To really take bitcoin exchange to the next level, we need to ensure that buyers and sellers are getting the best price. This is accomplished every day in the financial markets using consolidated level II, and the National Best Bid and Offer (NBBO)
How it works:
- Customers can have an account at any brokerage firm (Ameritrade, Schwab, E-trade, etc).
- Brokerage firm is obligated to ensure the order has the funding in place to back it up.
- Brokerage firm is obligated to fill the order at the best possible price, on any exchange.
- Exchanges accept orders from each other and settle up the net difference each night.
Now this is a good thing. It means if I want to buy 1000 shares of AAPL, I can enter an order with my broker, and they split up the order and route it to get me the best prices. I don’t have to look around.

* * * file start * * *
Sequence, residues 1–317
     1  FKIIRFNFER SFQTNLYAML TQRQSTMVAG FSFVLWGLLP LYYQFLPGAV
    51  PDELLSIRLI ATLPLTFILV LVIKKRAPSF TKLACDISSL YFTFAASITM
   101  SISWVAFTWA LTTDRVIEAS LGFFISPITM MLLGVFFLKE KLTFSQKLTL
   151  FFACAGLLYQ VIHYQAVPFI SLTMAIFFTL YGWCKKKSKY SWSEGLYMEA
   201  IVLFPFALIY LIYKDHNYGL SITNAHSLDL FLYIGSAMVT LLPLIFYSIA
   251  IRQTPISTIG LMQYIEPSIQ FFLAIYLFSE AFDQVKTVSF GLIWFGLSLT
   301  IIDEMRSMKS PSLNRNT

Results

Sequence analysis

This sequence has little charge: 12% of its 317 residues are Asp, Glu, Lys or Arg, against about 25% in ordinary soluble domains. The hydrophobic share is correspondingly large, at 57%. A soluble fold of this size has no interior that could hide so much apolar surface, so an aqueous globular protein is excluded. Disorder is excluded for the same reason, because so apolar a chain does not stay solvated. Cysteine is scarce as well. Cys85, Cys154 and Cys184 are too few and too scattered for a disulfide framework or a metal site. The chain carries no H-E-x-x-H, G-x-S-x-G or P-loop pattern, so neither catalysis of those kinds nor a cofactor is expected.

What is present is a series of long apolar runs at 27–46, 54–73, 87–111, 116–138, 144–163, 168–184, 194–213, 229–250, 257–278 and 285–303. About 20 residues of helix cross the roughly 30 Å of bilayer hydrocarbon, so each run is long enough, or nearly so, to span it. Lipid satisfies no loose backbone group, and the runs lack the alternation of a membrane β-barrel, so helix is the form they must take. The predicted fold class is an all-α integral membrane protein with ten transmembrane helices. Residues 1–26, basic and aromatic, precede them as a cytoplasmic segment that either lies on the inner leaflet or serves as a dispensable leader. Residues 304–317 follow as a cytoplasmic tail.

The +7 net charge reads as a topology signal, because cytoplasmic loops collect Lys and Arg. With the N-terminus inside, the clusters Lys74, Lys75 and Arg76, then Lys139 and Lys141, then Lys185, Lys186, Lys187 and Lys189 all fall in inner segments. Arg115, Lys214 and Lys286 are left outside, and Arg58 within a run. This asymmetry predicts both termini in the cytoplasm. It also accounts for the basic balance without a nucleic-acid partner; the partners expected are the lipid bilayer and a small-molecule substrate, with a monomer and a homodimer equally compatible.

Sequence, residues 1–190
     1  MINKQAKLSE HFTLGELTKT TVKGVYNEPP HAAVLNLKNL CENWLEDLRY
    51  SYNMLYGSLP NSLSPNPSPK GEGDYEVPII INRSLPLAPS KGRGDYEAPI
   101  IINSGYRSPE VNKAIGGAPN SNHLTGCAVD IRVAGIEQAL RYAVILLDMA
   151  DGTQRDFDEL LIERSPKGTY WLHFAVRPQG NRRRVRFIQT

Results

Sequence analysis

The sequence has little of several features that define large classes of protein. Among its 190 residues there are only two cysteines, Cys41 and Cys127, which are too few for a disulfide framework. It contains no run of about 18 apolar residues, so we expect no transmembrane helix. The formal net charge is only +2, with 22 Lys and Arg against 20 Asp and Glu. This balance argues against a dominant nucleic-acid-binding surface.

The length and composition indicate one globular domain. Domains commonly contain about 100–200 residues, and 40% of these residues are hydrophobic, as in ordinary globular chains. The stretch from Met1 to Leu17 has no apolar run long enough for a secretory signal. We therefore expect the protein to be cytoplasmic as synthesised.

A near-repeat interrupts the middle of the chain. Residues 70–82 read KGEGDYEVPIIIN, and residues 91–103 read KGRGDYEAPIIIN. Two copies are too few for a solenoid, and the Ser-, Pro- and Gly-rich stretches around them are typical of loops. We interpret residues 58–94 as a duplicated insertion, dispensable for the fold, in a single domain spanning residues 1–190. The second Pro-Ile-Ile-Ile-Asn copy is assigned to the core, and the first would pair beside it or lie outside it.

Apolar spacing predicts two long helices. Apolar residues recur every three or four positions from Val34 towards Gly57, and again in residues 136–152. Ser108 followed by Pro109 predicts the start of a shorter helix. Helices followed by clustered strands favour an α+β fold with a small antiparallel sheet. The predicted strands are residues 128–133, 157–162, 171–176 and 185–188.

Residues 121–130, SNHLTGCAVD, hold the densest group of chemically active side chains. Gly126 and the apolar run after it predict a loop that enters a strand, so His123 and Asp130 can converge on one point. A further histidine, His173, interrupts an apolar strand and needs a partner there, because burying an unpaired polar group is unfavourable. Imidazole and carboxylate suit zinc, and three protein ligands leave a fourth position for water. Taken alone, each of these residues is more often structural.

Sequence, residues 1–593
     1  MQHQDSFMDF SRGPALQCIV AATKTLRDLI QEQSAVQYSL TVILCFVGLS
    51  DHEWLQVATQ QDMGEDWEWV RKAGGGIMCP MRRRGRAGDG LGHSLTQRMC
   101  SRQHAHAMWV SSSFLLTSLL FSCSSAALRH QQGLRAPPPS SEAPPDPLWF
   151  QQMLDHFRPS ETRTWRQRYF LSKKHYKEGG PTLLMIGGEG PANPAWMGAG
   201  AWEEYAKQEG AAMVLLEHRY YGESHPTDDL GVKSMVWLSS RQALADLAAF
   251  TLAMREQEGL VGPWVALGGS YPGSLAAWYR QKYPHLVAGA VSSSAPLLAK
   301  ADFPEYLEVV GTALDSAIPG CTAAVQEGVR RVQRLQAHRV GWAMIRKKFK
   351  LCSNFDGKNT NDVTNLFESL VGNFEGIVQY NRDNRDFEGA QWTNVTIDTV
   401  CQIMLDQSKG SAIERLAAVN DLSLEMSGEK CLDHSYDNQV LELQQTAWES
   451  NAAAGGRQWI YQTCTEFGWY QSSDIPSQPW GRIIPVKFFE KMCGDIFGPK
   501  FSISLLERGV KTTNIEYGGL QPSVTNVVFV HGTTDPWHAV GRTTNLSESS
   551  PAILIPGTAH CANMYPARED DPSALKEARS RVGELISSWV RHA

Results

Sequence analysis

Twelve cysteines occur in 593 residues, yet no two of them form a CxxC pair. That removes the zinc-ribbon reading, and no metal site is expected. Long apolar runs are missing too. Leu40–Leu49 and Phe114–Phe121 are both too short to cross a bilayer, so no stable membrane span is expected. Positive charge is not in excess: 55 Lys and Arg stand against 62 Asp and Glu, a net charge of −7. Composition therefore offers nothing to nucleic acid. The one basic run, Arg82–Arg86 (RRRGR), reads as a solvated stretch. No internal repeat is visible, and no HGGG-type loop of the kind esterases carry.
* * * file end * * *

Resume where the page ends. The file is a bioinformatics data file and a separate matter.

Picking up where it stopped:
This requires a consolidated Level II Market Depth of all exchanges to be merged into one table. Here's an example I recently grabbed of AAPL on my Ameritrade platform:
The MPID is the Exchange where this order is sitting. So this table consolidates the open orders near-the-money from Nasdaq, ArcaX, and other exchanges.
The NBBO is the highest bid price and the lowest offer price on any exchange. This is called the Level I, and only contains the highest bid (and order size at that bid) and the lowest offer (and order size at that offer). Using the Example above, the Level I for AAPL, which is the NBBO, would be
Bid – 391.01
Ask – 391.13
Bid Size - 100
Ask Size- 1100
This is the Level I quotes that are used for a general snapshot of a stock.
Also, there is a Level III, which shows all the details about each individual order. But no one really uses that except the exchanges themselves.
What bitcoin needs is a consolidated Level II like this chart above, to pull in the market depth from all the exchanges. Once you get that in place, exchanges need to automatically route an order (and split it if necessary) to the proper exchange for execution. Exchanges would need to trust orders coming from each other.
This will ultimately benefit the exchanges and everyone who uses them, by bringing tighter spreads and more volume.